Inspiration led to incredible creations in the fifth annual Most Inspired Bartender competition sponsored by Bombay Sapphire and GQ. Twenty-seven Las Vegas bartenders entered recipes, 10 of whom advanced to the Vegas finals on Aug. 29 at Savile Row. There, three bartenders distinguished themselves, presenting their most creative Bombay Sapphire cocktails before brand ambassador Gary Hayward; Savile Row mixologist/bartender and a founding member of the U.S. Bartenders Guild’s Nevada chapter, Ray Srp; and yours truly.
In third place, Downtown Cocktail Room bartender Kevin Gorham presented the Prelude to the Fall, an elegant end-of-summer cocktail with spices that hint to the coming of autumn. “The cocktail starts off with a little citrus, tea flavors and cantaloupe,” Gorham says. “The flavor then flows softly into cinnamon, vanilla, orange and anise. They linger, leaving a lasting fall impression.”
In second place, Chris Hopkins of Vesper at the Cosmopolitan created his interpretation of the Last Word, a Prohibition-era cocktail of gin, lime juice, green Chartreuse and Maraschino liqueur. His addition of Falernum, mint and verbena amplifies the botanicals already present in Bombay Sapphire, while also adding a depth of flavor and complexity, resulting in “a classic pre-dinner cocktail reminiscent of a sour, with light citrus tones and a clean finish on the palate,” Hopkins says.
“There is so much creativity in our industry right now,” he adds. “I look for inspiration in every facet of my life: seasonal ingredients, flavors of lip balm, pastry chefs, shampoo and skin-care scent combinations, music … We are only as limited in our development of drinks as we choose to be.”
Taking first place for Vegas, and also from Downtown Cocktail Room, Rustyn Vaughn Lee offered his Plum Summer, a well-balanced cocktail that brought together citrus, spice, sweetness, bitterness and which highlighted the botanicals of Bombay Sapphire. “I appreciate a drink that will surprise you and bring flavor profiles not often seen in cocktail form,” Lee says. “Never judge a book by its cover—anything can work in a cocktail.”
Created by Rustyn Vaughn Lee of Downtown Cocktail Room
Muddle 3 slices of Chilean plums, ½ ounce freshly squeezed lemon juice and ¾ ounce red pepper flake simple syrup (1 cup sugar, 1 cup water, 1 tablespoon red pepper flakes, boil, simmer 15 minutes, strain and cool). Add 1½ ounce Bombay Sapphire gin, ½ ounce Campari, 1 dash celery bitters, ½ ounce egg white ice and shake with ice. Strain into a chilled coupe glass and top with a sprinkle of red pepper flakes.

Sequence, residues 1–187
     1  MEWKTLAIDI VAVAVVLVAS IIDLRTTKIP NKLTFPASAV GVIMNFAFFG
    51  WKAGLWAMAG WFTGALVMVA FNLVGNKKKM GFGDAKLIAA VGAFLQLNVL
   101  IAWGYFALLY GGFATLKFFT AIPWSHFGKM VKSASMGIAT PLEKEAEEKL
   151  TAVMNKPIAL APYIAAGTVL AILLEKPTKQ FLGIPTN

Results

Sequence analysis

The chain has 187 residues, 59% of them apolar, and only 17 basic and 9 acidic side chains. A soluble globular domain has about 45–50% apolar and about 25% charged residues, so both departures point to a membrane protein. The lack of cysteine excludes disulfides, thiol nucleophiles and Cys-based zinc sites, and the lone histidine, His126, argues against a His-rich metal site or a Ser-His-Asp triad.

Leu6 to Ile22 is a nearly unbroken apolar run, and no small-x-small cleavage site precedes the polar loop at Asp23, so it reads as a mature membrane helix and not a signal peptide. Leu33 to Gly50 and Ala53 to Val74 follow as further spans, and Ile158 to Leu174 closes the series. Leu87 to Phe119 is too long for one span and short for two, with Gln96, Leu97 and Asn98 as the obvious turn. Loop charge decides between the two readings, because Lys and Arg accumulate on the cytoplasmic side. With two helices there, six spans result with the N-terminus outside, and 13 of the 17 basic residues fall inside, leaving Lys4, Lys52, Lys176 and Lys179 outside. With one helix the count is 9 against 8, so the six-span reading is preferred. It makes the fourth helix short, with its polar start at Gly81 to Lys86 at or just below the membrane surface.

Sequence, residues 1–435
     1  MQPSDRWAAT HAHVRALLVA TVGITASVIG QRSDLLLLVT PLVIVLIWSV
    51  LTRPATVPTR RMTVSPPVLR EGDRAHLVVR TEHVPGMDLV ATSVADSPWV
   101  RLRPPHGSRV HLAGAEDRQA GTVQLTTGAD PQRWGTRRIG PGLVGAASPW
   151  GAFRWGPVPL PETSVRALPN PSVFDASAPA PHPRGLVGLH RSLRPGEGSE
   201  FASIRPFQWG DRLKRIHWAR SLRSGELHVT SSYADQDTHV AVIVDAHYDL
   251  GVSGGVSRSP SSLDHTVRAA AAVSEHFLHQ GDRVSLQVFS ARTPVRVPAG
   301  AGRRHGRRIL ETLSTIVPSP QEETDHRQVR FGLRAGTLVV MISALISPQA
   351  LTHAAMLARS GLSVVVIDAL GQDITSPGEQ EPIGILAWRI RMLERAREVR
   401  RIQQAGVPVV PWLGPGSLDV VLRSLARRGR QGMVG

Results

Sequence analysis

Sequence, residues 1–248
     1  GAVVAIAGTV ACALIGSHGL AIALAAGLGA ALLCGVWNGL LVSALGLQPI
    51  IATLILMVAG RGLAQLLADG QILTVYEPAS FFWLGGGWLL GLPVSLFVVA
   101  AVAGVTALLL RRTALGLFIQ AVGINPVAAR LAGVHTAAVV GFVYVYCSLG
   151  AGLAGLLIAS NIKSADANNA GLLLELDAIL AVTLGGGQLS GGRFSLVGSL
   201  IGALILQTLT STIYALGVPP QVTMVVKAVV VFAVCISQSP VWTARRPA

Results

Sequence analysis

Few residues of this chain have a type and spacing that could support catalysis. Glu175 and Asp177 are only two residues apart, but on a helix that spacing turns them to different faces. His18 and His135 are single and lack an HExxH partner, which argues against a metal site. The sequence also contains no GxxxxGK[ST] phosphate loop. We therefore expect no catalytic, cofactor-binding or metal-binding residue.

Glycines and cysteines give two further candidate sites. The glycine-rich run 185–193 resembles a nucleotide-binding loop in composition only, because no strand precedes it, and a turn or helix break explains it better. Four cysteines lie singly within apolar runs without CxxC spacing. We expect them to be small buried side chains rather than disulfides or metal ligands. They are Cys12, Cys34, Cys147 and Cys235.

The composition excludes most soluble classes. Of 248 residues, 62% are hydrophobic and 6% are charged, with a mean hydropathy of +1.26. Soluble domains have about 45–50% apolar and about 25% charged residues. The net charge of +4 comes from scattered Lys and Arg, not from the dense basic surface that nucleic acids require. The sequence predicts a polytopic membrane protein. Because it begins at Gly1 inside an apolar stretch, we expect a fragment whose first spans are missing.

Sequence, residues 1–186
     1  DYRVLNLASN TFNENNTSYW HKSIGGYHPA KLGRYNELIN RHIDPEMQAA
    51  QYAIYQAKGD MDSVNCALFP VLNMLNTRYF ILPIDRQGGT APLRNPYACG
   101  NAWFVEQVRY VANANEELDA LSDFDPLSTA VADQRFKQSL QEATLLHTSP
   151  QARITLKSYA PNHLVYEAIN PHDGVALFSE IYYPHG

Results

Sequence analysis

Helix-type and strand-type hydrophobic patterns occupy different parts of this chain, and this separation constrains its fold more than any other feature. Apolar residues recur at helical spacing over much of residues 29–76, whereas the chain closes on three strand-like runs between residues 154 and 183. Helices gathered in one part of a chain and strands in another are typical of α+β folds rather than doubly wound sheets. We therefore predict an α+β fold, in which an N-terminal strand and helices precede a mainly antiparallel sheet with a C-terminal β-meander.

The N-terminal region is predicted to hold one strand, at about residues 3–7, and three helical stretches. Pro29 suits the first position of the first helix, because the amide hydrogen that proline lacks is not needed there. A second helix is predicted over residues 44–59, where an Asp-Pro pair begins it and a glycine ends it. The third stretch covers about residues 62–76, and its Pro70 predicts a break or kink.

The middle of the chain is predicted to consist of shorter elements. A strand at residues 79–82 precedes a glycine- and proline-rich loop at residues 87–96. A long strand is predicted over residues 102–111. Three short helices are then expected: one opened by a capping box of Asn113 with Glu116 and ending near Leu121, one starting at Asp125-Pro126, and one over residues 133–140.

The Velvet Rope
Created by Chris Hopkins of Vesper in the Cosmopolitan
In a mixing glass, combine 1½ ounces Bombay Sapphire gin, ½ ounce Velvet Falernum, ½ ounce yellow Chartreuse, 1 ounce freshly squeezed lemon juice, ½ ounce lemon verbena simple syrup (1 cup sugar, 1 cup water, boil, Add ½ cup fresh lemon verbena leaves that have been gently bruised, simmer for 10 minutes, cool and strain), 4 mint leaves and a splash of egg white. Dry shake once (without ice), then add ice and shake again. Double-strain into a chilled cocktail glass and garnish with a lemon verbena sprig.
Prelude to Fall
Created by Kevin Gorham of Downtown Cocktail Room
In a mixing glass, muddle four chunks of cantaloupe with 1 ounce Earl Grey tea simple syrup (1 cup Earl Grey tea, 1 cup sugar, boil, simmer 10 minutes, cool and strain). Then add 1½ ounces Bombay Sapphire gin, ½ ounce green Chartreuse, 1 ounce freshly squeezed lemon juice, ⅛ ounce house-made vanilla-anise bitters and ice. Shake and strain into a stemless wineglass and garnish with cinnamon and star anise.
Vanilla-anise bitters: Fill a pint jar with Bacardi 151 rum, 2½ vanilla beans, 2 cinnamon sticks, 1 star anise, 2 orange swaths and 10 rose pedals. Shake every day for 10-14 days then strain out all solids. Return liquid and vanilla beans to the jar and shake every day for 5-7 days. Strain again.
A new recipe for success: Bombay Sapphire East
From the House of Bombay, makers of Bombay London Dry Gin since 1761 and later Bombay Sapphire, one of the most versatile and mixology-friendly gins on the market, comes Bombay Sapphire East. And mixologists are already imagining the possibilities. Building on Sapphire’s base of 10 exotic botanicals, master herbalist Ivano Tonutti looked to the sights, scents and flavors of Asia, incorporating Thai lemongrass and Vietnamese black peppercorn. Bombay Sapphire East launches officially in Las Vegas on Sept. 23 and will only be available here and in Manhattan for starters. BombaySapphire.com.
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